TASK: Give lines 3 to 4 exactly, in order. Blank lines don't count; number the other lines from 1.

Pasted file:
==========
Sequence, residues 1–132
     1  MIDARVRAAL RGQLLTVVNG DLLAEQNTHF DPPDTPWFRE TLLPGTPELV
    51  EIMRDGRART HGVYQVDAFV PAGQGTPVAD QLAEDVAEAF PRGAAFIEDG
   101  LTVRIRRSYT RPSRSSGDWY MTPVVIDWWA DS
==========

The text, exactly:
    51  EIMRDGRART HGVYQVDAFV PAGQGTPVAD QLAEDVAEAF PRGAAFIEDG
   101  LTVRIRRSYT RPSRSSGDWY MTPVVIDWWA DS